Kane said the commission form is outdated — he’s leaning toward city-manager council as an alternative.

“What I’m hearing is a lot of people feel with a strong mayor, you’re putting too much power in one person’s hands, and I’d probably agree with that,” he said.

The November election is looking to be a heated one in Saratoga Springs, with the mayor’s seat and all four commissioners up for re-election, a judge race expected and two county supervisors on the ballot as well. Review commission member Minita Sanghvi said that without a special election, the referendum would also end up on the back of that ballot, “and many people don’t even look at the back of the ballot.”

“We wanted this to be something voters were thinking about,” she said. “It is the constitution of the city, and it deserves its day in the sun.”

Commission sets Special Election on Charter Vote

Saratoga Springs Charter Review Commission approves 

Special Election for Charter Referendum

Spa City voters to consider alternative form of government May 30

Saratoga Springs- The fifteen-member citizen Saratoga Springs Charter Review Commission voted 12-2 in favor of holding the charter referendum at a special election on May 30th.

Commission photo“A city charter is a constitutional issue that should be insulated from the partisanship or politics of a general election,” said Bob Turner, Commission chair.

 

(Photo: 14 of the 15 Commission members)

Under the current charter, Saratoga Springs must form a citizen panel to review the existing charter and recommend changes.  The new proposed charter must in turn, be approved by voters in a referendum.  New York State Law and a 1987 NY Attorney General opinion stated that, “the charter commission may determine the election (special or general) at which the proposals are submitted to the voters for approval.”

At its January 10 meeting, the Commission engaged in lengthy debate on the merits of special versus general election. A majority of members felt that adopting a new city charter is one of the most important decisions a city can make and was concerned that it would get lost in the partisan politics of a general election.  In November, the charter would have to compete for voters’ attention with eight other contested races:  mayoral, finance commissioner, public works commissioner, public safety commissioner, account commissioner, two county supervisor and a judicial race, in addition to the city charter.  The Commission was also concerned that voters might miss voting on the charter referendum since it would be on the back of the ballot.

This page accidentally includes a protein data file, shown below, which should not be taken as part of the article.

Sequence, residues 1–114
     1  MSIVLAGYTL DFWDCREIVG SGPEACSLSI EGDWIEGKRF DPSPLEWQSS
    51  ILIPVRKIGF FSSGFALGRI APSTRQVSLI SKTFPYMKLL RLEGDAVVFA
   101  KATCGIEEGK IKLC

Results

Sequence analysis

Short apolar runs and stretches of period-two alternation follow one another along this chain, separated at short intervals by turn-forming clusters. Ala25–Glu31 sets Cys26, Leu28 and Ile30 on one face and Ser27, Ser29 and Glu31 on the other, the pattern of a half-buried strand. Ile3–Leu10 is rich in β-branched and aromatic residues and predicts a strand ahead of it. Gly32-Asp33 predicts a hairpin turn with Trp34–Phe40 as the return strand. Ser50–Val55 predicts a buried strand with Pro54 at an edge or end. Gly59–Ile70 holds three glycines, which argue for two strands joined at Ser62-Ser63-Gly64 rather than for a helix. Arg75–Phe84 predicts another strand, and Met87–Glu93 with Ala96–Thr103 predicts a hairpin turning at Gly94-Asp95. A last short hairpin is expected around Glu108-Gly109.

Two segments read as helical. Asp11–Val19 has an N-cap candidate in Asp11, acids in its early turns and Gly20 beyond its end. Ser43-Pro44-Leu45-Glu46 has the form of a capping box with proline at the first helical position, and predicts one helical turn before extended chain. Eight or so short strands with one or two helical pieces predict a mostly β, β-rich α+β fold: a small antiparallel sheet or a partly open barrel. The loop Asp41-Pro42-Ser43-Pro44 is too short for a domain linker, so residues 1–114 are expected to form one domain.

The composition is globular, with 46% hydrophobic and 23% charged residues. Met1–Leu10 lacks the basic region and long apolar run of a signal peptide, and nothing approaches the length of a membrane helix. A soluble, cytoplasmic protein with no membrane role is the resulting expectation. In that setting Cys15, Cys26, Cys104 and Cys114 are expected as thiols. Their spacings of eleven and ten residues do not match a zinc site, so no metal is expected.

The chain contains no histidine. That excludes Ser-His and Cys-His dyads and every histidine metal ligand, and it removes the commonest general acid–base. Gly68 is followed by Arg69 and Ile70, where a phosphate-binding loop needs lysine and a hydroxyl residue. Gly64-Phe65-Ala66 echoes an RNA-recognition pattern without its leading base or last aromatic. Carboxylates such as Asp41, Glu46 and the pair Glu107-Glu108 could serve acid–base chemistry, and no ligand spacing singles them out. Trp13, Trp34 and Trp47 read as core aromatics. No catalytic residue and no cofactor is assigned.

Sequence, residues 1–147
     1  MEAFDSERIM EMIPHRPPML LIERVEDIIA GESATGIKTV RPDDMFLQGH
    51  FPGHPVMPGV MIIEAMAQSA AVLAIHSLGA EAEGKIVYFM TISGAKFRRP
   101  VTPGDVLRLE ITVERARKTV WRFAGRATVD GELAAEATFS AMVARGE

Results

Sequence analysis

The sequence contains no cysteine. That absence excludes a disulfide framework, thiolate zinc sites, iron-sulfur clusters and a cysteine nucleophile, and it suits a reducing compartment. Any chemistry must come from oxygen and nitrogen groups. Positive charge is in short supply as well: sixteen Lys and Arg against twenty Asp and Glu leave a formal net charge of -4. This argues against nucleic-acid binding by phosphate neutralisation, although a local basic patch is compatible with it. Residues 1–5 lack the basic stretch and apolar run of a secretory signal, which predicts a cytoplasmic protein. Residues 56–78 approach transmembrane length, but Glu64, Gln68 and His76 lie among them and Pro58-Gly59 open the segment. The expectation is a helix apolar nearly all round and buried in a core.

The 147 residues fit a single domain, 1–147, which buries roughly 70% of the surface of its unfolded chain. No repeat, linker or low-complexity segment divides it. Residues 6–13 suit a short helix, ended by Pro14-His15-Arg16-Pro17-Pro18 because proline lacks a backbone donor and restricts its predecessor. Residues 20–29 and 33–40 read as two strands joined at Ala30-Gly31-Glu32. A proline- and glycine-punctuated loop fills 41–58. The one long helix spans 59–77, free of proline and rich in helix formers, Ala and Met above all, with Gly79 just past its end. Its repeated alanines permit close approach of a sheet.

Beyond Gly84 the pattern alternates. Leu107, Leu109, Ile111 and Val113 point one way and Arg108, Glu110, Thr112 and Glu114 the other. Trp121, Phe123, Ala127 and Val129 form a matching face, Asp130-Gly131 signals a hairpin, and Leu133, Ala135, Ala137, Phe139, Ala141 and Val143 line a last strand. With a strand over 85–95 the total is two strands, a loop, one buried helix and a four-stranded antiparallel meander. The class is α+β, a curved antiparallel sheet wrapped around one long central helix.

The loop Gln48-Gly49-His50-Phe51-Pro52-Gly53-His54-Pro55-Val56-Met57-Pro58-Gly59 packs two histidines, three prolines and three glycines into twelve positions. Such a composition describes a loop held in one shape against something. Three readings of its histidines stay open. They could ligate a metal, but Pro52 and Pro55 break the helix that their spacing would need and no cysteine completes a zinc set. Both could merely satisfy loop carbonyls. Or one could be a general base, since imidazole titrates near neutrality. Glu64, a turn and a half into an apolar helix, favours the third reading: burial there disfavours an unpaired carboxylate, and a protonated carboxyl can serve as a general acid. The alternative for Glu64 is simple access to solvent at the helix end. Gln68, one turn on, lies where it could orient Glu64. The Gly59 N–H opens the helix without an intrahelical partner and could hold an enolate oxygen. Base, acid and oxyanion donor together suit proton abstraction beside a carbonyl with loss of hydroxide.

May 30th is the last Tuesday that a special election can be held while also allowing new candidates to choose to run for the City Council in 2017, based on whether the charter referendum succeeds or fails.  “A Special Election in May also gives any candidates for public office the full picture of what the voters want for their form of government, one way or the other,” said Gordon Boyd, Commission member.

Longtime resident and commission member Laura Chodos expressed support for the special election. “Voters will have undivided attention to the most important issue in the city’s future,” she said. “This is an opportunity to make Saratoga Springs even better in the way government functions. Nothing is more important.”

A special election would cost $37,000 and be run by the Commissioner of Accounts office with assistance from the Saratoga County Board of Elections.  The City’s annual budget is $55 million.

The Commission’s next meeting is January 19, 7pm, City Hall.

Contact                 Beth Wurtmann (518)321-4607, Minita Sanghvi (336)210-3258

E-Mail                  saratogaspringscharter@gmail.com

Website:             https://saratogacharter.com/

 

 

 

Agenda: January 10, 2017

City Council Room City Hall

7:00pm Public Comment

7:15 Introductory Remarks by Bob Turner/Approval of Minutes

7:20 Discussion and Vote on Charter Review Commission 2017 Budget and Special Election

8pm Discussion of New Charter Issues

9:00 pm Adjourn